Weekly Consumption (Information)

Currently reading The Orchid and the Dandelion, which was recommended in a weekly email blast by Susan Cain, author of Quiet (which I read last year).  Insightful research geared towards kids, but just as relevant in looking at the entire family, work and life experiences with different types of people and what makes them tick.
 
Most children—in our families, classrooms, or communities—are more or less like dandelions; they prosper and thrive almost anywhere they are planted. Like dandelions, these are the majority of children whose well-being is all but assured by their constitutional hardiness and strength. There are others, however, who, more like orchids, can wither and fade when unattended by caring support, but who—also like orchids—can become creatures of rare beauty, complexity, and elegance when met with compassion and kindness.
Read Turning the Flywheel and Turning Goals into Results by Jim Collins after a number of challenges the last few weeks at work (or “opportunities” I keep telling myself).  
 
No matter how dramatic the end result , building a great enterprise never happens in one fell swoop . There’s no single defining action , no grand program , no one killer innovation , no solitary lucky break , no miracle moment . Rather , the process resembles relentlessly pushing a giant , heavy flywheel , turn upon turn , building momentum until a point of breakthrough , and beyond.
 
A catalytic mechanism produced desired results in unpredictable ways.  
 
Articles I read last week: 
 
 
No palace coup can take place without the perception of popular anger at a president.
 
The deep state is by nature cowardly. It does not move unless it feels it can disguise its subterranean efforts or that, if revealed, those efforts will be seen as popular and necessary
 
 
the past few years the character of our political division has changed, and this must be noted again.  People are proud of their bitterness now.  Old America used to accept our splits as part of the price of being us – numerous, varied, ornery.  Current America, with its moderating institutions (churches) going down and its dividing institutions (internet) rising, sees our polarization not as something to be healed but a reason for being, something to get up for.  There is a finality to it, a war-to-the-death quality.
 
 
five conditions that support his prediction:
 
  1. entrenched national polarization, with no obvious meeting place for resolution;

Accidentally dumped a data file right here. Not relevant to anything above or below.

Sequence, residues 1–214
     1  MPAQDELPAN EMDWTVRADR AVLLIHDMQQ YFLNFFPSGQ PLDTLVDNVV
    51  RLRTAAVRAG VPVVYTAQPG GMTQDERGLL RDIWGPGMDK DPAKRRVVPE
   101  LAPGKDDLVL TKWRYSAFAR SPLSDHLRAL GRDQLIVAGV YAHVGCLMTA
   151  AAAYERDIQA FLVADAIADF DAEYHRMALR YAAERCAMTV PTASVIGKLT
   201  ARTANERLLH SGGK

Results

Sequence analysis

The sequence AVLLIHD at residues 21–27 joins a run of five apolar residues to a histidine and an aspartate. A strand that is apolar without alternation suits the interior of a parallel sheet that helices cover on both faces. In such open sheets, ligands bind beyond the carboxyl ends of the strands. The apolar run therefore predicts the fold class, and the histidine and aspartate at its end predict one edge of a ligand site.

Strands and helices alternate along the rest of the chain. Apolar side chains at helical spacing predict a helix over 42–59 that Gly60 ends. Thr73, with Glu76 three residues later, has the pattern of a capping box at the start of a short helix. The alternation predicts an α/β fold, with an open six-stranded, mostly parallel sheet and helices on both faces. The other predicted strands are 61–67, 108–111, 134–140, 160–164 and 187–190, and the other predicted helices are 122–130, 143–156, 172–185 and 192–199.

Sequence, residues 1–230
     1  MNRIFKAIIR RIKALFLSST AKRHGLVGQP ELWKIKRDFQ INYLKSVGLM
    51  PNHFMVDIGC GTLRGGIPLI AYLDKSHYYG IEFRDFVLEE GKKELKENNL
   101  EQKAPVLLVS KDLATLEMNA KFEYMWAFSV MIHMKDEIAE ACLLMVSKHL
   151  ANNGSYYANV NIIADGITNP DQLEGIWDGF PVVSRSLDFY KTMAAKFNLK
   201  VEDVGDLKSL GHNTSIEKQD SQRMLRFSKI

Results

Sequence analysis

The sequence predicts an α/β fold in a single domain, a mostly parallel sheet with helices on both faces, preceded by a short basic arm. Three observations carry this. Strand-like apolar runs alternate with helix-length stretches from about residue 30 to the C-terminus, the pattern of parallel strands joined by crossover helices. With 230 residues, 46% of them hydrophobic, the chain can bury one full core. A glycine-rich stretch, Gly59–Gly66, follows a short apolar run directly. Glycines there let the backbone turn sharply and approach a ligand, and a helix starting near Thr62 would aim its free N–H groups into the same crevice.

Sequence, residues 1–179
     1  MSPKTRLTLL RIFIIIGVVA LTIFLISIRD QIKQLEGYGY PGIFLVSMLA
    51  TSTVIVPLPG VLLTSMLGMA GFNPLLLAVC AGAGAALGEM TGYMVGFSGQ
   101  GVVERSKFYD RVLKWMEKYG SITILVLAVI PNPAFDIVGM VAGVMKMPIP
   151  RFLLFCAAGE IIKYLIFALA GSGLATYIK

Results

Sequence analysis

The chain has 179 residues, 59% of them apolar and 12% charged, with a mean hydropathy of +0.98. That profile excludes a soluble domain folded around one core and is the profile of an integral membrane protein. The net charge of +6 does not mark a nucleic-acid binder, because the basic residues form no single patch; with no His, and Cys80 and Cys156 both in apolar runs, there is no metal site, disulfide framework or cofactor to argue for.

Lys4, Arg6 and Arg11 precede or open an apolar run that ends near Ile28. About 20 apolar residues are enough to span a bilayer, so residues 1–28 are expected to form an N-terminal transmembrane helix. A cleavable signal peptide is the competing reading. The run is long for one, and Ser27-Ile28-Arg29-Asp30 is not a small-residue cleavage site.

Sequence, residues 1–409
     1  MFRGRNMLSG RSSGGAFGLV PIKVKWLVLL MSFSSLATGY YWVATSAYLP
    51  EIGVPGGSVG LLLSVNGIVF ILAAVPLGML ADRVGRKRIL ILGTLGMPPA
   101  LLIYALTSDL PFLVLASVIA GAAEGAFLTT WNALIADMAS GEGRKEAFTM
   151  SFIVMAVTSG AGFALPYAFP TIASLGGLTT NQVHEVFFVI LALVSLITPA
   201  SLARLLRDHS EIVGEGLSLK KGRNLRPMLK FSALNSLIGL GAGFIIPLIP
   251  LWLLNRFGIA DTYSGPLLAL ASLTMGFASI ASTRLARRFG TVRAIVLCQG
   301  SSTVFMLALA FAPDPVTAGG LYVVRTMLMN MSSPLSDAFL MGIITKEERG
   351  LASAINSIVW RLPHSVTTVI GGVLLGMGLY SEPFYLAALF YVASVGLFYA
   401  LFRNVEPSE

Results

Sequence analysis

2. increasingly divisive press coverage and information flows;
  3. weakened institutions, notably Congress and the judiciary;
  4. a sellout or abandonment of responsibility by political leadership; 
  5. the legitimization of violence as the “in” way to either conduct discourse or solve disputes.
 
Listened to Jack Dorsey, Vijaya Gadded & Tim Pool on the Joe Rogan Podcast.  Jack Dorsey is not Mark Zuckerberg.  I’m not sure I agree with where he is coming from or heading but he is listening to his critics (like Tim Pool, who is not a fan) and being as transparent as he can be about the mistakes they are making and how they are trying to solve them.  
 

 
 
 
 
 
 
 
 

Article: 100% Renewable Cities—Is Your Mayor Smarter Than A 5th Grader?

After reading the linked article from Hart Energy, I was left with this question.
 
What’s worse.  
 
A) One who doesn’t believe climate change is real or thinks it is a problem that needs to be solved? 
B) One who believes climate change is real and needs to be solved – but has no idea how to actually solve it?  
C) or, B + pretends like they do know how to solve it.
 
You pick.  
 
If you pick (A), at least (A) isn’t going to waste what some say could be over $100 trillion* (with a t) by the end of the century and improve nothing.  Waste is a crime because that $100 trillion could be put to real use helping real people.  
 
There is a lot in the article everybody should think about (especially if you care about climate change).  
 
The author of the article doesn’t come across as anti renewables but more anti dumb.  He has written what appear to be many thoughtful books on what good approaches to solving climate change could look like.  
 
 
A few gems from the  leaders where I live (gems – who I’m guessing are sincere):  
 
Minneapolis Mayor Jacob Frey and St. Paul Mayor Melvin Carter pledged their cities to 100 percent renewables by 2030. Major wind system build-outs during the last five years boosted Minnesota to the eighth-leading wind energy state in the US. Renewables now provide about 27% of the state’s electricity. But Minnesota residents are paying for it. Over the last nine years, Minnesota power prices increased 34%, compared to the US average price rise of 7%.
 
I’m thinking they don’t get that when energy costs go up 34% for working people – it is real money.  
 
*I would cite those or better numbers if they weren’t all over the place – which kind of proves my point.  If anybody had a real solution with a real price – all of the supporters would agree and promote that number.  There is no agreement even out there as to what the costs or benefits would be.  If there is agreement out there someone should point it out more clearly.  
 
As a side…  Wanna know what poor people around the world want the UN to spent $100 trillion on?  
 
Watch Cool It by Bjorn Lomborg and see what kids in third world countries think us rich countries should be spending our money on to help them (think – water, schools, medicine). 
 
Better yet.  Watch Lomborg’s TED Talk on global priorities that should be bigger than climate change.